March 31, 2020
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Italy Of The Orient

Bright colours, culture, adaptability. What is it about India?

Italy Of The Orient
Italy Of The Orient
Like many in the West, I think of India as an exotic place, full of colour and life. I think of the light, the way bright fabrics and embroidery are put on display and how the multi-coloured spices in the markets brighten up even a regular shopping trip. For me, India is full of bustle and positive energy, an exciting place which stimulates me creatively and spiritually.

India is dynamic, and where culture is concerned, India offers us in the West familiar art forms like music and movies but with a completely different interpretation—as in Bollywood films and popular music. This is very exciting for me. I love music and film, so I love to see a fresh and different approach to them.

I went to India for the first time last year. It was for a TV show called Lakme Fashion House in Mumbai, which was a kind of competition. I was invited to be a judge and to award the winner with an internship at Versace in Milan. What was extraordinary about the trip was that quite often when you visit new places you have a certain image of those places in your mind as to what they would be like, and most times the reality comes as a bit of a disappointment. In the case of India, it was the opposite—I had imagined a wonderful place of new sounds and smells and sights, and I got more than I bargained for! I am also a big fan of spicy food of all types so when I reached India, the first thing I asked for was a curry. However, spicy here and spicy there are two different things!

As a fashion designer, I work in a global industry, but the house of Versace is still a family-owned business, and this makes us different from the huge corporations which own many different fashion brands and have ambitious plans for global expansion. We believe in doing things the Versace way. We do this because we believe this is what our customers want—a fashion house full of personality which sees its customers as individuals, not just as a market to be exploited.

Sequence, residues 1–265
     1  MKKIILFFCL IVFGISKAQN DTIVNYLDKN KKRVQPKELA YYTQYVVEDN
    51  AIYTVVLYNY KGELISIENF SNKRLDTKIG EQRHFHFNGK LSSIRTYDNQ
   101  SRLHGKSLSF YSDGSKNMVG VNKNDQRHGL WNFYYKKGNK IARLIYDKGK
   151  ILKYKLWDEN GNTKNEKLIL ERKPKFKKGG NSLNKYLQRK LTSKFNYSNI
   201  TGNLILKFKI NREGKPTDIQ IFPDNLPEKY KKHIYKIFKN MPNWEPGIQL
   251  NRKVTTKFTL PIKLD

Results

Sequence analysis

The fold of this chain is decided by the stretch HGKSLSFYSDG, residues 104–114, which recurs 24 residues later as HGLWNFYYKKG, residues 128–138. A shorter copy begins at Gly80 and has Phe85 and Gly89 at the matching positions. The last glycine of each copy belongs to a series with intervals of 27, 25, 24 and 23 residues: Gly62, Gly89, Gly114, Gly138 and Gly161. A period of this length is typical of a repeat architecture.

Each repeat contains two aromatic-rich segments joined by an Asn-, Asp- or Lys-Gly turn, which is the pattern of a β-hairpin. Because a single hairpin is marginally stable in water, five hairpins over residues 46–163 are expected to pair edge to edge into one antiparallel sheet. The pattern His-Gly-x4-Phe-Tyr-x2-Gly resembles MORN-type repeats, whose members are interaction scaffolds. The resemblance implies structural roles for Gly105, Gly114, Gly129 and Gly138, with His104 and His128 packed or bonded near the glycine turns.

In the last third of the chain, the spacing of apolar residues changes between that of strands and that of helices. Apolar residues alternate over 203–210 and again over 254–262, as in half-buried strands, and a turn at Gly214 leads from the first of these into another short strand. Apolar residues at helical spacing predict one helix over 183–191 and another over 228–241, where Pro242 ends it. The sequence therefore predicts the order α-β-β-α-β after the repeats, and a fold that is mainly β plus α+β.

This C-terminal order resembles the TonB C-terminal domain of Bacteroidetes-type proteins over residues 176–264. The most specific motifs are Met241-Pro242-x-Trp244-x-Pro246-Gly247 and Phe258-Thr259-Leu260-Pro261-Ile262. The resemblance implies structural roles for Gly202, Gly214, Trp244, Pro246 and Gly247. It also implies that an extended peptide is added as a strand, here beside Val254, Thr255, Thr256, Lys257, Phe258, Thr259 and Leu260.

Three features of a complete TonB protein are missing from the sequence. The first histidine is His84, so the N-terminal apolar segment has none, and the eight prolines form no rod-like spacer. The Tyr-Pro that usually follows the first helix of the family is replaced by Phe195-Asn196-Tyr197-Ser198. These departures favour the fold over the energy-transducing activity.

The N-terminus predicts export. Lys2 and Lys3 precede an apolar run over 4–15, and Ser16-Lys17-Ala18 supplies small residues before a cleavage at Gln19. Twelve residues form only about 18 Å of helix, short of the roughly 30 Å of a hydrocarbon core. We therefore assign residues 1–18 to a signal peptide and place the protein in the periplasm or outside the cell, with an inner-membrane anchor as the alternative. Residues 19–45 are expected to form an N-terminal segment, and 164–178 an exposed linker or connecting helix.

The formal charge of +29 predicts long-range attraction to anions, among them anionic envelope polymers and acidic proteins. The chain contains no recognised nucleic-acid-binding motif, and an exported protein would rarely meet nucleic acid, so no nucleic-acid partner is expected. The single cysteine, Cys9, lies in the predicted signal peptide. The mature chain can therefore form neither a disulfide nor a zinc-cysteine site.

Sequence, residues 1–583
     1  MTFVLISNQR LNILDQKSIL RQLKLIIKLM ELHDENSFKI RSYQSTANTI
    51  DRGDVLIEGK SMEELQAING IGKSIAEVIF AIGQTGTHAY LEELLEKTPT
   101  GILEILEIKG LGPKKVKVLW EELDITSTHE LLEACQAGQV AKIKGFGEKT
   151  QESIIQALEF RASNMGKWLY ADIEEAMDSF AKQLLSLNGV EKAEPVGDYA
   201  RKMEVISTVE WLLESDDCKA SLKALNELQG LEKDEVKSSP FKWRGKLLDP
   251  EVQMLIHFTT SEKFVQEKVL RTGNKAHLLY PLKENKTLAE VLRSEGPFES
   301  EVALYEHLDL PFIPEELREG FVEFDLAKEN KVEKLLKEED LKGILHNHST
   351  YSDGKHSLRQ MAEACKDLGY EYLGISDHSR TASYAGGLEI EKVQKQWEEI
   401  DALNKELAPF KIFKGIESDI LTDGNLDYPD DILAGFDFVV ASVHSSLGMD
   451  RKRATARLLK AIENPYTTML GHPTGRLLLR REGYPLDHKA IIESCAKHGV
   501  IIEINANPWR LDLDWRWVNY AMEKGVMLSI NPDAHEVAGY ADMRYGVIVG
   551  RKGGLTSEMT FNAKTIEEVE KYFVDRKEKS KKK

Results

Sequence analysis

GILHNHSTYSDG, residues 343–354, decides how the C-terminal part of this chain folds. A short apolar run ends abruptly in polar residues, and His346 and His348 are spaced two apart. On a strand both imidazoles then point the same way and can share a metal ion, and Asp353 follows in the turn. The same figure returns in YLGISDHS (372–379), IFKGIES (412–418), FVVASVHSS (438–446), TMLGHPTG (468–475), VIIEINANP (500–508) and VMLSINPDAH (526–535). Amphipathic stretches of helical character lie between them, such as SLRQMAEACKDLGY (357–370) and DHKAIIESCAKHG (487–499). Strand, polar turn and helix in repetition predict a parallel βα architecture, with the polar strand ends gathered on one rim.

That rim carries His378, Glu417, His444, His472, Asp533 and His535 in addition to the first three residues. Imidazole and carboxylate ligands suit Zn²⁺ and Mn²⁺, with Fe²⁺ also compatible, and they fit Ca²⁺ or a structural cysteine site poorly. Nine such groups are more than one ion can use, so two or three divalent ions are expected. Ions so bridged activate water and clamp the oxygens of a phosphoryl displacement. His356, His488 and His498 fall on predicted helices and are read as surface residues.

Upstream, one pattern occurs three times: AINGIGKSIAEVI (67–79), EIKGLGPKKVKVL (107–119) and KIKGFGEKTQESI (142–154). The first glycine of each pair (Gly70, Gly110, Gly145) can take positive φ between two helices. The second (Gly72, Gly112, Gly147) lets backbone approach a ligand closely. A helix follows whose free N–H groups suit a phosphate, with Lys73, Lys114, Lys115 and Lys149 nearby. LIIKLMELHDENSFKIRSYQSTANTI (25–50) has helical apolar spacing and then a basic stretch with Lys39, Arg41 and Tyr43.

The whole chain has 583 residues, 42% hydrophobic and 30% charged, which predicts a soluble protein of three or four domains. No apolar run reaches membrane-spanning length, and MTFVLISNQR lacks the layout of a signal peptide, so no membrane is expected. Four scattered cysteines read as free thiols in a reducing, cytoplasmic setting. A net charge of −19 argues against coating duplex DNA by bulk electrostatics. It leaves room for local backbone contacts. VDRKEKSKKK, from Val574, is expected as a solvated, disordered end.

Wooing India: FBC Media CEO Alan Friedman, Donatella Versace with Indian designers Sandeep Khosla and Abu Jani in Mumbai

I have been inspired by India in my work. In its most obvious form, this inspiration manifests itself in my use of clear, bright colours and decorative embroidery. We source fabrics and embroidery from India, especially for our evening dresses and Atelier collection. But beyond that, I felt a sense of freedom in India which encouraged me to loosen up, and to embrace the idea of freedom of expression in the way I put the clothes together. Things no longer have to be only formal or casual or sporty. The modern way of styling your outfits enables you to combine elements from different genres.

I hope my designs will sell in India, as we recently opened our first boutique at the JW Marriott hotel in Mumbai. I think Indian women would look great in Versace as they have an innate sense of glamour and elegance. Obviously, it is very important to preserve one's culture and traditions but I firmly believe it is possible to integrate the two sensibilities as they do in many other countries.

India has an air of mystery about it, and some of this no doubt derives from the idea that it is a land of spiritual beliefs. In an increasingly globalising world, perhaps India can symbolise an alternative way of looking at the world. I have become a more spiritual person over the past few years. If you have to struggle with personal troubles, you can develop an ability to stand back from yourself and look at the bigger picture. This ability—to understand why you do the things you do, why you behave and think in a certain way—enables you to break destructive and negative patterns of thought and behaviour and shows you that you do have a choice as to the kind of person you are. I don't know if this can be called spirituality, but it is the closest I have come to such a thing.

When I was in India, I felt there was a great affinity between the Indian people and the Italian people. We are both very passionate, and both very concerned about maintaining family ties and heritage. We are also both peoples who are survivors—whatever history has thrown at us, we have come through, adapting, evolving, developing. On a personal level, I have had to do this over the past few years, and on a national level, Italy is always in a state of flux (politically or economically). India has that sense of flux too—an ebb and flow of ideas, trends, power, politics, culture. That is why it is such an exciting place.


(As told to Seema Sirohi)
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